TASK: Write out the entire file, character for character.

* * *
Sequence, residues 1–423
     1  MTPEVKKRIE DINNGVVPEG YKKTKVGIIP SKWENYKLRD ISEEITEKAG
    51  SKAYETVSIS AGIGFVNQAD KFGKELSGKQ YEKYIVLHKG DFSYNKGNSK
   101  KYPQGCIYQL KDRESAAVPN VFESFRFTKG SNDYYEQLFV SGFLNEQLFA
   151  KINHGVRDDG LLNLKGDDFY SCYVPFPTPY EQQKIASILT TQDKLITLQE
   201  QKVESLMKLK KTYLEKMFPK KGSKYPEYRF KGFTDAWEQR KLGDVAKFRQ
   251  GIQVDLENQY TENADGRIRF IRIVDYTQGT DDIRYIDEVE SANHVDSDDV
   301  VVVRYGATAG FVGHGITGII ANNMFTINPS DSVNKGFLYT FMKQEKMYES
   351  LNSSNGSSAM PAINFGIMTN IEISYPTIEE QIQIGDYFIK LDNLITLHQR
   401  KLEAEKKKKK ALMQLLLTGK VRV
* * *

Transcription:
Sequence, residues 1–423
     1  MTPEVKKRIE DINNGVVPEG YKKTKVGIIP SKWENYKLRD ISEEITEKAG
    51  SKAYETVSIS AGIGFVNQAD KFGKELSGKQ YEKYIVLHKG DFSYNKGNSK
   101  KYPQGCIYQL KDRESAAVPN VFESFRFTKG SNDYYEQLFV SGFLNEQLFA
   151  KINHGVRDDG LLNLKGDDFY SCYVPFPTPY EQQKIASILT TQDKLITLQE
   201  QKVESLMKLK KTYLEKMFPK KGSKYPEYRF KGFTDAWEQR KLGDVAKFRQ
   251  GIQVDLENQY TENADGRIRF IRIVDYTQGT DDIRYIDEVE SANHVDSDDV
   301  VVVRYGATAG FVGHGITGII ANNMFTINPS DSVNKGFLYT FMKQEKMYES
   351  LNSSNGSSAM PAINFGIMTN IEISYPTIEE QIQIGDYFIK LDNLITLHQR
   401  KLEAEKKKKK ALMQLLLTGK VRV